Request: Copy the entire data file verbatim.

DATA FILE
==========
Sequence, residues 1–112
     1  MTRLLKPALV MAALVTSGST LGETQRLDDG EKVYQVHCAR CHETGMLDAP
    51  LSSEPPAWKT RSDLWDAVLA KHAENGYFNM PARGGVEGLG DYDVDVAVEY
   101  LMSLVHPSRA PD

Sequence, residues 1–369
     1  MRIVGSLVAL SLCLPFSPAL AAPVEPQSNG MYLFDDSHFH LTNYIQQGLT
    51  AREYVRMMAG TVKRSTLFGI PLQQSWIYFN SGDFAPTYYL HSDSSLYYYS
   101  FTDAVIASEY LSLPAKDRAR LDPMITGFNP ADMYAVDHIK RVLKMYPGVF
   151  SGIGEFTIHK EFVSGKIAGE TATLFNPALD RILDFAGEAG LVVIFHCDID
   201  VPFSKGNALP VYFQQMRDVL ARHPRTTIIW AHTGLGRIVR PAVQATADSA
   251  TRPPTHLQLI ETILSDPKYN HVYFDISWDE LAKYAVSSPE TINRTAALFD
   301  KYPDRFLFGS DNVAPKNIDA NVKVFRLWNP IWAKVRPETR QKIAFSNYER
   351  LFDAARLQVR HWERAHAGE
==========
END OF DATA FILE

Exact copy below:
Sequence, residues 1–112
     1  MTRLLKPALV MAALVTSGST LGETQRLDDG EKVYQVHCAR CHETGMLDAP
    51  LSSEPPAWKT RSDLWDAVLA KHAENGYFNM PARGGVEGLG DYDVDVAVEY
   101  LMSLVHPSRA PD

Sequence, residues 1–369
     1  MRIVGSLVAL SLCLPFSPAL AAPVEPQSNG MYLFDDSHFH LTNYIQQGLT
    51  AREYVRMMAG TVKRSTLFGI PLQQSWIYFN SGDFAPTYYL HSDSSLYYYS
   101  FTDAVIASEY LSLPAKDRAR LDPMITGFNP ADMYAVDHIK RVLKMYPGVF
   151  SGIGEFTIHK EFVSGKIAGE TATLFNPALD RILDFAGEAG LVVIFHCDID
   201  VPFSKGNALP VYFQQMRDVL ARHPRTTIIW AHTGLGRIVR PAVQATADSA
   251  TRPPTHLQLI ETILSDPKYN HVYFDISWDE LAKYAVSSPE TINRTAALFD
   301  KYPDRFLFGS DNVAPKNIDA NVKVFRLWNP IWAKVRPETR QKIAFSNYER
   351  LFDAARLQVR HWERAHAGE